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  Anthropology, Genetic Diversity, and Ethics  
 
  
A workshop at the Center for Twentieth Century Studies   
University of Wisconsin-Milwaukee   
 
 
  
Session Two:
Discussion Group Reports

O'Rourke: In the interest of time, I'm going to run through the series of colors and ask whoever the representatives are from those groups to come up and make brief, quick summaries of their discussions, and let's start with the -- yeah, and then give Trudy the transparencies once you've finished your presentation.  Let's start with the color black. 

Black:  That's our group.  I wrote something on a transparency, but even I can't read it!  We had another really interesting conversation that didn't particularly lend itself to [inaudible]!  [laughter].  But I made up two, because we had to have something.  One was, we were wondering -- I was wondering, to be fair, but my colleagues seemed to think it was an interesting wonder -- what relevance, if any, the ancient DNA questions have to more recent historical uses of DNA, things like the relationship between Jefferson and Sally Hemings?  [laughter]  Or potentially digging up or taking some remains from Abe Lincoln to see if we had the genotype for Markhand's [sp?] Syndrome, or looking at remains to see whether they're the Czars?  To what extent should one seek permission from the descendants of those people for those issues; to what extent do dead people have privacy rights that should be respected in and of themselves?  And the ancient DNA questions, though they focused, by virtue of the time gap, on groups rather than individuals, I think are all part of the same big question about the past, and who owns it, to what extent can we in the present appropriate it? 

The second issue was talking about when is there concern about issues like working with ancient DNA, and we raised the issue, to what extent are there political and cultural differences in particular groups that make it an interesting -- make it a controversial and important issue in some contexts, as it clearly is with Native American groups, but may not make it as important in other contexts.  To what extent is this a universal conflict or issue, and to what extent is it an issue that only arises in particular political and cultural contexts?  So those are our two non-points.  [laughter]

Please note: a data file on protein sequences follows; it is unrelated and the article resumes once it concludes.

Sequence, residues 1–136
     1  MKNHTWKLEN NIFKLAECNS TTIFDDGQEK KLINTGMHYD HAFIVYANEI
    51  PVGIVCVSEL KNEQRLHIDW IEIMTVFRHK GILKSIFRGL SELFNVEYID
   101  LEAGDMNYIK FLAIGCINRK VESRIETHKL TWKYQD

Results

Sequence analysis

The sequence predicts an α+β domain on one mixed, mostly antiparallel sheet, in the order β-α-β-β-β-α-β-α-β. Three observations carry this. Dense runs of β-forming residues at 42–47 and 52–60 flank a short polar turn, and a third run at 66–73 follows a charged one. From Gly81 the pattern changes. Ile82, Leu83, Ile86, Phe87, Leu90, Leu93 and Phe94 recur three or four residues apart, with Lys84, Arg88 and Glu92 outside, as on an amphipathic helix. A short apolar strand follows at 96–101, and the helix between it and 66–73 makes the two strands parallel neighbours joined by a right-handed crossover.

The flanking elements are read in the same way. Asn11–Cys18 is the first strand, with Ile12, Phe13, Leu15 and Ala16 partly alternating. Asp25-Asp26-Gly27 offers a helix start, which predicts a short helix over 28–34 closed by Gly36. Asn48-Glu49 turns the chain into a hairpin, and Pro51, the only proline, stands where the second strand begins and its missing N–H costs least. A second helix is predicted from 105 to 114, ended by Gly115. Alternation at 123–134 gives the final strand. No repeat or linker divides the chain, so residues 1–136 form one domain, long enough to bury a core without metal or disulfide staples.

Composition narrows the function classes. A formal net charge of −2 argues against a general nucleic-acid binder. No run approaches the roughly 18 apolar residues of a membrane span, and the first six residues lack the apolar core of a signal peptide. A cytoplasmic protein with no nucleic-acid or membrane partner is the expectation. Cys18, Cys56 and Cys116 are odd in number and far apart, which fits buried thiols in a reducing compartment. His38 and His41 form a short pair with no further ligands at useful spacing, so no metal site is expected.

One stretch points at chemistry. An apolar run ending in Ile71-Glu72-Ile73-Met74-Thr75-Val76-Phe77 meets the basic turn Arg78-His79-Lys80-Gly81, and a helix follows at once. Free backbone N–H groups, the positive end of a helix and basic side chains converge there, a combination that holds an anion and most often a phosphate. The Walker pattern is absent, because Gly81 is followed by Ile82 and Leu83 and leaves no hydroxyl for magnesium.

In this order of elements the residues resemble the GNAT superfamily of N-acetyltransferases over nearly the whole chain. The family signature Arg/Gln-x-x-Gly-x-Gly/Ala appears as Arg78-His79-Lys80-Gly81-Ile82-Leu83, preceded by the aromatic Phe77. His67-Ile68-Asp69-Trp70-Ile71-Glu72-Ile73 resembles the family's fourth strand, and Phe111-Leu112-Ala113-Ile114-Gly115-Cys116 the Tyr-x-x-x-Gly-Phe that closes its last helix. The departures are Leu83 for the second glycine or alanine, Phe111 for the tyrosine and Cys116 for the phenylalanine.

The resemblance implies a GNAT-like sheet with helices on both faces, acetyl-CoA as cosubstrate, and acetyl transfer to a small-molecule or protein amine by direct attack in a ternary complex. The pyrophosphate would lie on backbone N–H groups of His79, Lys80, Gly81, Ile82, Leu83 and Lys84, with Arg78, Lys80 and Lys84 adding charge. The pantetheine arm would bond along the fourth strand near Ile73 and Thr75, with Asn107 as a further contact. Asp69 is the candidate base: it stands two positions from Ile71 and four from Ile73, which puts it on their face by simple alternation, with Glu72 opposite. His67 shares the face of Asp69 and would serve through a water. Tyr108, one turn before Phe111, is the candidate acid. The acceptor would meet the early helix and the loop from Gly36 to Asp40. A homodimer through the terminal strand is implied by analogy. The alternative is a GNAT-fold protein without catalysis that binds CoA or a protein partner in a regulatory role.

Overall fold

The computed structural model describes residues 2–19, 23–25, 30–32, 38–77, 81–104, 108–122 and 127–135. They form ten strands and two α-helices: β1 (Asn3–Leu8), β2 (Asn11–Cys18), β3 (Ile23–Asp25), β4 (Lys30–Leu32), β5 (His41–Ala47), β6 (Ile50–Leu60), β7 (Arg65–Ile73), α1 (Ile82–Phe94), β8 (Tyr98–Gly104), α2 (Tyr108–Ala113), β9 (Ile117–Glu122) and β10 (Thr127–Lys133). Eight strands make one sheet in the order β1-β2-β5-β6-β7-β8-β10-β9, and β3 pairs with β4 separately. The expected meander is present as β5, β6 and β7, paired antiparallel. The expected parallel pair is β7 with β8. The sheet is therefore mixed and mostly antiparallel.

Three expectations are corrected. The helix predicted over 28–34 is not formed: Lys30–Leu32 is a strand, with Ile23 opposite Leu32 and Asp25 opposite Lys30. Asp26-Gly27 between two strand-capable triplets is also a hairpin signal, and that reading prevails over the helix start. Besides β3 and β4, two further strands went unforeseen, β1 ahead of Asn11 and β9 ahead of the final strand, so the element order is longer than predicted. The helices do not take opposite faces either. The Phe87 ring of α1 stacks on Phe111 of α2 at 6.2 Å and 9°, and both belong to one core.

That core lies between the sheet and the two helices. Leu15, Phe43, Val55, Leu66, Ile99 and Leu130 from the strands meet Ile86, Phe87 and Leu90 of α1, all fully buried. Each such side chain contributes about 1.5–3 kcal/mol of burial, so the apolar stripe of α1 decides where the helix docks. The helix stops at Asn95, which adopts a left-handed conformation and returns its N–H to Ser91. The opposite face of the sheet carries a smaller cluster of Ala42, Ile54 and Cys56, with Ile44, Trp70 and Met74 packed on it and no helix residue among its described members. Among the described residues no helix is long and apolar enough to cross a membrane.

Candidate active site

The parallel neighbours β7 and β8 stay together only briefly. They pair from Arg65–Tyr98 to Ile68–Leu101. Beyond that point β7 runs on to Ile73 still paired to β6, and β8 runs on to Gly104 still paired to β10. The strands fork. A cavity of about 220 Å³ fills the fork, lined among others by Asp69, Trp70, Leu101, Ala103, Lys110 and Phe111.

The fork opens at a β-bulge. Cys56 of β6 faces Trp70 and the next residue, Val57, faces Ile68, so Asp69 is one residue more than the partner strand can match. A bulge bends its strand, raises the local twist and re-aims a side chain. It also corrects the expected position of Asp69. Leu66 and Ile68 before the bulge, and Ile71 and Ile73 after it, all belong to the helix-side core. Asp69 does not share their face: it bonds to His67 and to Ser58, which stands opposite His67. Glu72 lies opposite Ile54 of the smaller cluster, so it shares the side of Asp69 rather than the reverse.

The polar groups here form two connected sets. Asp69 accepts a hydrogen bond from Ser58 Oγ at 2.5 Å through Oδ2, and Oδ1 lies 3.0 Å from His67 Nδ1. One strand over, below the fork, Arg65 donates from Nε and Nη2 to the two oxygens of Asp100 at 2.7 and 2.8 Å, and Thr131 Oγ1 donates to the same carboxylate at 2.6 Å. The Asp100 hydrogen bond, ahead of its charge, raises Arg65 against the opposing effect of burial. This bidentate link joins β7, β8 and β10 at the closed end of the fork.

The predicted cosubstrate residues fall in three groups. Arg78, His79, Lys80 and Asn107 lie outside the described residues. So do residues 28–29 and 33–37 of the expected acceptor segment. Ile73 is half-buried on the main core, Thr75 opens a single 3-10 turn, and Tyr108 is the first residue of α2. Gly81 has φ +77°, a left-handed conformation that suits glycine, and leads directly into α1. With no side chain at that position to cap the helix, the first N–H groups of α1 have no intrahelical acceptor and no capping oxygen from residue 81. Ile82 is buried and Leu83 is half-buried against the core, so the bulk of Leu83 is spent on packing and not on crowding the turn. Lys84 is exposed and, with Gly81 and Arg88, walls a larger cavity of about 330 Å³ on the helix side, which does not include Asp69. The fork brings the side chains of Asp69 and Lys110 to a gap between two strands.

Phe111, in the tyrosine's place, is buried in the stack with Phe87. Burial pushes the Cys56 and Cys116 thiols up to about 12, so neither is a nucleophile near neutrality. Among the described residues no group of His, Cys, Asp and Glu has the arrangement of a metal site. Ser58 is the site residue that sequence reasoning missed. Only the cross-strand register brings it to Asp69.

O'Rourke: The green group? 

Green:  Well, we also had a long and involved discussion that only at the end resolved itself quickly into points so that we would have something to say.  And we also touched on the Sally Hemings issue, and the fact that most, many of the problems and ethical issues that we see with the [inaudible], populations circling around the same sorts of problems in ancient DNA work as well.  So we sort of quickly went through what are some of the obvious pros: thinking of disease history, and looking at cases like [inaudible] to develop better vaccines, or the history of tuberculosis in the New World, and [inaudible] of that disease.  Obviously, cultural history,  origins, the history of group interactions [inaudible] are some of the potential benefits and interesting questions that we could examine.  Some of the obvious cons as far as we were concerned, although as someone pointed out, it could also be positive, was the idea of pulling all of this into political battles over relationships between skeletal remains and living groups, and how this could be used for land claims and ownership claims, things like that.  And also that it can challenge social identities and [inaudible].  And then we attempted in the two minutes that we walked over here, to think about how you would go about the collaborations and [inaudible], and that we should involved the participants, to the extent that you can identify them, and just make it an ongoing process, and [inaudible]. 

O'Rourke: The yellow group.